Speed is a very important factor that affects how your visitors view and interact with your website.
Did you know, according to kissmetrics.com, that almost half of web users expect a page to load in 2 seconds before clicking away? This proves that page load time is a very important factor to avoid losing potential customers and visitors to your site.

According to zoomph.com the number one cause for slow website performance is unoptimised images.

There are many things you can do to speed up the load time of your webpage but a very easy way to improve speed is to optimise the images on your site. The images you create and use may look amazing but the file sizes could be very large slowing down the load time of your webpage.

What does it mean to optimise an image?

Optimising images for the web involves converting or compiling your images to a web friendly format that keeps similar or exact quality but at a lower file size.

Images hold data other than what you see on screen and this data can add unnecessary size to an image. By optimising your images, visitors to your website will not have to wait as long for the image to load. It will also save you greatly on bandwidth if you have a limited quota to your website’s hosting service provider.

Below is an example of an image that started off at 3.94MB, which would’ve taken a long time to upload and is not necessary as the image doesn’t need to be viewed at full size.

Once at 50% the size and load time is reduced drastically but the quality of the image is still the same. And even at 25% the quality of the image is still intact and the size of the image (now 79.55K) is equal to 0.077MB. This size reduction will save valuable load time.

image optimisation

How do I know if it’s my images that are slowing down my load time?

There are a number of free tools that you can use to test page load speed. One of the most popular is the Google Developers PageSpeed Insights, which will give you a ranking out of 100 for mobile and desktop devices and suggestions of how to improve your load speed. Visit www.developers.google.com/speed/pagespeed.This is a great tool to test on as it’s the same tool Google uses as a factor in your website’s rankings.

However, bear in mind that every device’s load time will be different based on the browser they’re searching in, their internet connection, the location of your hosting provider’s server and the list goes on.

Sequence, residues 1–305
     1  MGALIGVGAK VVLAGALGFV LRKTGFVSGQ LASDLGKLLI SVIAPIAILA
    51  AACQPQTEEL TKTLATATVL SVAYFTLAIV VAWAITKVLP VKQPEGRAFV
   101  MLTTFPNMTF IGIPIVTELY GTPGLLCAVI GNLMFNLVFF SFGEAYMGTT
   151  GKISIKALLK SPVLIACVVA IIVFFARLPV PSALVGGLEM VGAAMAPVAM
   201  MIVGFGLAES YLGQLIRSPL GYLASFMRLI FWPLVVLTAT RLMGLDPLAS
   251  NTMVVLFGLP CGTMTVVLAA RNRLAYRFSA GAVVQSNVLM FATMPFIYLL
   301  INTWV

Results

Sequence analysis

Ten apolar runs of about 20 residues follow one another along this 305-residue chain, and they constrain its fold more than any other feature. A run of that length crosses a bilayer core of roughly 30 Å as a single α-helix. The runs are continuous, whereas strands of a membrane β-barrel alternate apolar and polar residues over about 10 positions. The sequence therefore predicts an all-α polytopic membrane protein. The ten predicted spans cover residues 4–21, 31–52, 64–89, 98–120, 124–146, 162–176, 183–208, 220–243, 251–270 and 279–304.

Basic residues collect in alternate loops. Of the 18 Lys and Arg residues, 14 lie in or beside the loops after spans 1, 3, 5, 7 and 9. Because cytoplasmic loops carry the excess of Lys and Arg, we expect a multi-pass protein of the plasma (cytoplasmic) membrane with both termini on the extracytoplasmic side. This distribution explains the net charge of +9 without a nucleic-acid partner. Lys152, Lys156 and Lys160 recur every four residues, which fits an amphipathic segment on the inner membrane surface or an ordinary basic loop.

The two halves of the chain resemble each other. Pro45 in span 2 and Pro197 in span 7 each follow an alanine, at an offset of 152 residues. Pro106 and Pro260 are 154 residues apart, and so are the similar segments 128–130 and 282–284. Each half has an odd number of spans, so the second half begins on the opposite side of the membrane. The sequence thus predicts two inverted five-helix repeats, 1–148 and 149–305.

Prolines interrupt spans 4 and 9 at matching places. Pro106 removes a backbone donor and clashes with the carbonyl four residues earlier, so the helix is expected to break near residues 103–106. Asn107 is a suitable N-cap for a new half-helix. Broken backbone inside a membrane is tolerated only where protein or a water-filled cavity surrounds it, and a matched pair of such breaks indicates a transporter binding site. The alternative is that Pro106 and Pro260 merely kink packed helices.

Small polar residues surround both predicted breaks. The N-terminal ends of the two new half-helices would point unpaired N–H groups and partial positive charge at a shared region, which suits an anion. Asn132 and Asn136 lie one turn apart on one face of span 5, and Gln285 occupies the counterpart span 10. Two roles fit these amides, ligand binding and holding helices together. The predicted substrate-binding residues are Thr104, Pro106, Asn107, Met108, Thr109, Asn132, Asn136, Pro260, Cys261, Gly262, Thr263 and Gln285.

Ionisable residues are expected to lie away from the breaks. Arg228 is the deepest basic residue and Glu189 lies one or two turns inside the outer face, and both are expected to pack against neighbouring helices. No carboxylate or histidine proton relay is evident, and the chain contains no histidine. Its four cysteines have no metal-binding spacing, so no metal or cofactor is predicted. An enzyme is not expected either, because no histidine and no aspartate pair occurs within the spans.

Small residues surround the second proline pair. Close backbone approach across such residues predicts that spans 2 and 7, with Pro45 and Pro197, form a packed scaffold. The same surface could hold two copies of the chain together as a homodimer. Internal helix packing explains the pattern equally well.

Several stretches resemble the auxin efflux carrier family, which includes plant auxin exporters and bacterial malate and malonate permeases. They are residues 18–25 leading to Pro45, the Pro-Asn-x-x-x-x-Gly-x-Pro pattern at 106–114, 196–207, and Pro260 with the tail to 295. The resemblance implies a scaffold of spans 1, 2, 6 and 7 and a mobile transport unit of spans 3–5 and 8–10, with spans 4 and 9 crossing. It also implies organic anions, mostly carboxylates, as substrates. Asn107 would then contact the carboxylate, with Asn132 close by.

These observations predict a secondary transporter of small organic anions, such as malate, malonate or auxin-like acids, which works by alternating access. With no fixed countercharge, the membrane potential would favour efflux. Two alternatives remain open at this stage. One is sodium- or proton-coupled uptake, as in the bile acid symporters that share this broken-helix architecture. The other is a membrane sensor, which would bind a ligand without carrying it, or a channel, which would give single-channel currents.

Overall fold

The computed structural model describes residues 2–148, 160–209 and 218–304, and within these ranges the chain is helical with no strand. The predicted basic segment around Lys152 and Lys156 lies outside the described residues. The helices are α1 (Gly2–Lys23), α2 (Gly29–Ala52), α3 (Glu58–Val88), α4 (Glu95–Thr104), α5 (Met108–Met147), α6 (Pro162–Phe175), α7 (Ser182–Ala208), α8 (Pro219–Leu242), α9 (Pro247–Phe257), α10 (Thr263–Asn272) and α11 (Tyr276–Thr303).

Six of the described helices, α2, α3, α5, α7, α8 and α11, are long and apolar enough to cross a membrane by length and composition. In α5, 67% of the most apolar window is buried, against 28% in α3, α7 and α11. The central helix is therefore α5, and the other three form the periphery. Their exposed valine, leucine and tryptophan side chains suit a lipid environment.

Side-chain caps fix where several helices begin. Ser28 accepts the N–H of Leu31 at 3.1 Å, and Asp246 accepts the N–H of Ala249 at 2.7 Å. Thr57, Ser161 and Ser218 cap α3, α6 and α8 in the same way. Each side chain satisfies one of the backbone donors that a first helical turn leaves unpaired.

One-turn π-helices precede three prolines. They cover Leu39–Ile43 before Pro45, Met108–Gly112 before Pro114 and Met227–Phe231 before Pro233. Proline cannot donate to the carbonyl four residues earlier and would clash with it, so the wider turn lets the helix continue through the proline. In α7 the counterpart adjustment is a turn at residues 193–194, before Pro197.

How does it work?

Simply put, optimising an image involves removing all the unnecessary data that is saved within the image to reduce the file size. Images are saved into two types of compressions, lossy and lossless.

Lossy – Images saved in the lossy format will look slightly different than the original image when uncompressed, but is good for the web since these images use small amounts of memory but can look almost identical to the original image. The most common lossy image format is JPG.

Lossless – Images saved in the lossless format retain all pixel data to product the original image. For this reason, it contains a lot more data which in turn increases the file size. Some popular image formats include PNG and GIF.

How to optimise your images

Full optimisation of images requires much time and fine tuning to get that perfect balance between quality and file size. Most images may only require basic optimisation, however any image that has a large resolution or file size may require more advanced techniques.

Basic image optimisation involves:

  • Reducing the white space around images. Cropping your images to remove the borders will allow easier manipulation of padding using CSS.
  • Use of proper file formats. If you have detailed graphics involved, use the JPG file format. For logos or smaller icons that require transparency, use the PNG file format. If you have simple graphics that don’t use too many colours, use the GIF file format.
  • Resizing your image to proper dimensions. Best web programming practice is not to use HTML or CSS styling to resize your images. Saving the image in its proper size will reduce the file size.

Advanced image optimisation involves:

  • Using an image editor program like Photoshop to fine tune the quality and file size of your image. Adobe Photoshop has a helpful ‘Export as…’ feature that allows you to select the file format, change the quality of the compression, and change the size of the image.
  • Using an image optimisation tool such as TinyJPG or TinyPNG. These tools further optimise your images by analysing the image to apply the best possible encoding to the image.
  • Considering the replacement of any decorative images with CSS styling. Decorative images may look appealing but may increase file size and page loading times. Most web elements such as backgrounds, buttons and borders can easily be created and customised using CSS.
What we do at Fireworks

Our developers at Fireworks ensure that images used in all our projects are fully optimised for the web using the above mentioned optimising techniques.

If you would like help optimising your website or improving page load speed, give the team at Fireworks a call on 1300 660 160.